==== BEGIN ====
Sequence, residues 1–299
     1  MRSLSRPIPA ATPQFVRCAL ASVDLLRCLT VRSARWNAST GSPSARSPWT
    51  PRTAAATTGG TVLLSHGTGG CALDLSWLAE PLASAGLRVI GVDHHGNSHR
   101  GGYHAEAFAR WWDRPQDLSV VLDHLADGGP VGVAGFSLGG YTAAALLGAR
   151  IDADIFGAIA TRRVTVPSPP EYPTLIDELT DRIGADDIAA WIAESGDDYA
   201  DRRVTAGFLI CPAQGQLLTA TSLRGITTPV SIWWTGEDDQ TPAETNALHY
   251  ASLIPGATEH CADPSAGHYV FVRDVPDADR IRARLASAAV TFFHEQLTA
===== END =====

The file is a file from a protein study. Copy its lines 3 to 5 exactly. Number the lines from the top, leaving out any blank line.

    51  PRTAAATTGG TVLLSHGTGG CALDLSWLAE PLASAGLRVI GVDHHGNSHR
   101  GGYHAEAFAR WWDRPQDLSV VLDHLADGGP VGVAGFSLGG YTAAALLGAR
   151  IDADIFGAIA TRRVTVPSPP EYPTLIDELT DRIGADDIAA WIAESGDDYA